One of the best things about summer is the abundance of fresh produce. The good news is that you can continue to enjoy summer’s bounty of fresh vegetables, fruits, and herbs into the fall and winter by simply freezing them. A few baking sheets and plenty of resealable plastic bags specifically designed for freezing are all you’ll need. Be sure to press out any air before sealing and label and date the bags. Here are some handy freezing tips:
Freezing vegetables: You can prepare most summer vegetables for freezing by cutting them into pieces of the desired size, briefly blanching them in boiling water or steam-blanching them (don’t cook through), then plunging them into a bowl of ice water to stop the cooking. Drain and pat dry before freezing in resealable bags (be sure to label and date). This method helps vegetables retain their flavor, texture, and color through the freezing and thawing process. Great summer veggies to freeze include green and yellow beans, broccoli, peas, bell peppers (which you can choose to blanch briefly or not), and all kinds of summer squash. Tomatoes can be blanched for about 10 seconds, then be peeled (or not) and frozen whole; or you can make sauce with them and then freeze the sauce. Frozen vegetables can last up to 8 months.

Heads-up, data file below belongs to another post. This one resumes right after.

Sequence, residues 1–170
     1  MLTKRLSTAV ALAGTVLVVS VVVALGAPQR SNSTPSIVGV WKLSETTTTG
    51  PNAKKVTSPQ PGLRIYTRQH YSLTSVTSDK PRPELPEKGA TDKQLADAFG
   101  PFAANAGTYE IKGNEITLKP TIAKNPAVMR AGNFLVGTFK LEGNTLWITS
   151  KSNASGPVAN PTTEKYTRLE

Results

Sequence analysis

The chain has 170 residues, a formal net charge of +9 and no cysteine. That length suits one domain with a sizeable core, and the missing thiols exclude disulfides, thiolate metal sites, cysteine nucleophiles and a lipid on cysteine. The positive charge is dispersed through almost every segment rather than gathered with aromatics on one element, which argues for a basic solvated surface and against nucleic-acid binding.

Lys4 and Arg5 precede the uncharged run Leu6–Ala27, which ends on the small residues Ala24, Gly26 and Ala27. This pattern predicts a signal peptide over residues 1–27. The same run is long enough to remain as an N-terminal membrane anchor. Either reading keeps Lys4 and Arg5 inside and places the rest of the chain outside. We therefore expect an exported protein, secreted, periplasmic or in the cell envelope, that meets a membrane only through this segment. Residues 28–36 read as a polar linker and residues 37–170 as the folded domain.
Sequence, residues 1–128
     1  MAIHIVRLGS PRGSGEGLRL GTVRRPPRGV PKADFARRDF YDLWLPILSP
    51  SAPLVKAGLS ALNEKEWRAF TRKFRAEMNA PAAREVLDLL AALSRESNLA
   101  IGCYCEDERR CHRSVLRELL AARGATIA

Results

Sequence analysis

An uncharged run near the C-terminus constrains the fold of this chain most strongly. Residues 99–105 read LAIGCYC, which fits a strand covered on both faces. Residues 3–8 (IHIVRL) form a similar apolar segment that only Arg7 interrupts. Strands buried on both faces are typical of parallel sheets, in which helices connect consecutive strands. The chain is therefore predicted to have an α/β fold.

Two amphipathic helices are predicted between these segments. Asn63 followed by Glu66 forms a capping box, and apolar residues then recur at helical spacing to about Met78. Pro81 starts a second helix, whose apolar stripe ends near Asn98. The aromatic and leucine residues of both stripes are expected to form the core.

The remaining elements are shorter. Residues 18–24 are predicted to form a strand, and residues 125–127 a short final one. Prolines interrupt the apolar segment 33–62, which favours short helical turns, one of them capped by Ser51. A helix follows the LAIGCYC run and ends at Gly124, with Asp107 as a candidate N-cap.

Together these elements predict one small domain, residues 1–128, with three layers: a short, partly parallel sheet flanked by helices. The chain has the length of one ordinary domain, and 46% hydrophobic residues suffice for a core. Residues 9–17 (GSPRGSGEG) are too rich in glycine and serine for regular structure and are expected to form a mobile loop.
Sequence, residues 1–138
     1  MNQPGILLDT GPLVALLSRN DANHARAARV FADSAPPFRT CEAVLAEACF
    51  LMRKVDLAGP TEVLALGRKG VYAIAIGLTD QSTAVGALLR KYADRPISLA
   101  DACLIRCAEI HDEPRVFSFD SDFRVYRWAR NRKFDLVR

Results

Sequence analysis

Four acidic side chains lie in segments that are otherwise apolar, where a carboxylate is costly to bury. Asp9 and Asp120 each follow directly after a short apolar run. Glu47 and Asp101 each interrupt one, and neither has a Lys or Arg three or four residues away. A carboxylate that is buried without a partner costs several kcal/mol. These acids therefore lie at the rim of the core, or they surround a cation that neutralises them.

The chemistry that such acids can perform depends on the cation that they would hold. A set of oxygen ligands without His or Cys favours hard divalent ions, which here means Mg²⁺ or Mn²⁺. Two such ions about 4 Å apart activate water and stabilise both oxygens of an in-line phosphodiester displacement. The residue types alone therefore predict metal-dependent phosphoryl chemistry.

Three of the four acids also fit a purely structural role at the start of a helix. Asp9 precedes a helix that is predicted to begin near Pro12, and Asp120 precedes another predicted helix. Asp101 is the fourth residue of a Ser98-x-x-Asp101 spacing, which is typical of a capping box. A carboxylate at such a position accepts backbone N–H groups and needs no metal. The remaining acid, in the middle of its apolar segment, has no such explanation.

Freezing fruits: The best time to freeze berries and other fruits is when they are ripe but not too soft. Freezing fruits when they are overripe can ruin their flavor and color and unripe fruits will not ripen once frozen. First, wash and dry the fruits. Pit peaches, plums, nectarines, apricots, and cherries and cut them into halves; be sure to remove anything hard from the fruit before freezing it. For seedless grapes, remove the stems. Place the fruits in single layers on baking sheets and place the sheets in the freezer until the fruit is frozen solid. Then pack the frozen fruits into resealable bags and label and date. Melons can be seeded and cubed, and then frozen. Frozen fruit keeps well up to 12 months.
Freezing herbs: Freezing is the best way to preserve the delicate flavor of soft-leaved herbs such as tarragon, chives, dill, and sage. Using tongs to hold a few stems at a time, dip the herbs into a pot of boiling water for a few seconds, then immediately transfer to a bowl of ice water. Dry between layers of paper towels, then place the herbs on wax or parchment paper in single layers. Roll up the paper, press down to flatten, and store in a labeled, dated resealable plastic bag. You do not need to undo the entire roll when you want some herbs; just take what’s needed and put the rest back in the freezer.